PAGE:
97 Years Ago THE PRESCOTT TRIBUNE April 14, 1921 HIGHWAY FROM THE NEW BRIDGE Local Committee Meets the Commissioners in Minn. Route Designated.
Last Wednesday evening a committee composed of the following citizens of this city, Messrs. Longworth, Shearer, H. G. Fiedler, Sinans. J. H. Wenzel, Shiller, Borner, Giebler, Budworth, Meier, Malloy, Snyder and Fiedler, members of the Commercial Club and City Council, drove to Hastings to consult with the citizens of that place relative to the most practical route between this city and St. Paul. As to what was done at this meeting we clip the following from the Hastings Gazette: “A direct highway to Prescott is now assured. At a largely attended meeting of the Commercial Blub, held last Wednesday evening, good road boosters from Prescott, Langdon, St. Paul Park and Highwood were present. The object of the joint meeting was to pick out the most practical route between the proposed Prescott bridge and St. Paul, and then all boost for the one decided upon. Beginning at the bridge, a highway along the Burlington tracks was favored, meeting the regular St. Paul road at the depot opposite this city, then reaching St. Paul versus the Langdon* road.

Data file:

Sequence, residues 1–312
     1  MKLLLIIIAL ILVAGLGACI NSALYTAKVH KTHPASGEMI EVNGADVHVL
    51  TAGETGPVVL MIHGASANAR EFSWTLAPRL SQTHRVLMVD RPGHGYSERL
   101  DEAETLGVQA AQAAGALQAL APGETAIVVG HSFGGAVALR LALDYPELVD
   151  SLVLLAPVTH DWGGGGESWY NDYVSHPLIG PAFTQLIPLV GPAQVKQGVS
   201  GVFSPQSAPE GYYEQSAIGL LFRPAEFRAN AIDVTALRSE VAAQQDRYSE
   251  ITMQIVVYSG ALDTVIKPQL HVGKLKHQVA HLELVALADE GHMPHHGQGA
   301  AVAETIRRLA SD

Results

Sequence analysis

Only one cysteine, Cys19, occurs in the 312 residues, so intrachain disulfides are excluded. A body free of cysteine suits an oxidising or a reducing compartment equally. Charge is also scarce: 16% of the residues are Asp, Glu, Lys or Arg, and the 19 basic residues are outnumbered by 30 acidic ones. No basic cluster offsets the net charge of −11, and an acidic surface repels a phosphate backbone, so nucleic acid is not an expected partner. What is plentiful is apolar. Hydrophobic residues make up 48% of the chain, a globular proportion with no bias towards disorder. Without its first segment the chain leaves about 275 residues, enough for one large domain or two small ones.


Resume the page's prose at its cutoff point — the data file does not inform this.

*Effectively the site of present-day Cottage Grove, with now East Cottage Grove also existing at that time.
March 24, 1921
A petition has been made to the Dakota and Washington County (Minn.) Commissioners to make the road from the ferry to the Hastings- St. Paul roads a part of the state highway. The road would go by the Whitaker hill way.
104 Years Ago CANNON FALLS BEACON March 17, 1916 MARTIN WANGEN KILLED Last Sunday Martin Wangen, son of Knute S. Wangen of Warsaw township, was killed by a Great Western freight train near Empire. The remains were taken to Hastings where a coroner’s inquest was held, and afterwards were brought to Valentine’s undertaking rooms in Cannon Falls. The funeral will be held today. Mr. Wangen was 33 years old and unmarried.
COUNTRY CORRESPONDENCE LEON Locals Charles Dimick sold two horses on Saturday.
Herman Sjoquist spent Monday in the cities.
Charles Dimick and Christ Rasch went to Goodhue on Monday.
M. C. Jacobson sold a horse and delivered it to Wanamingo on Saturday.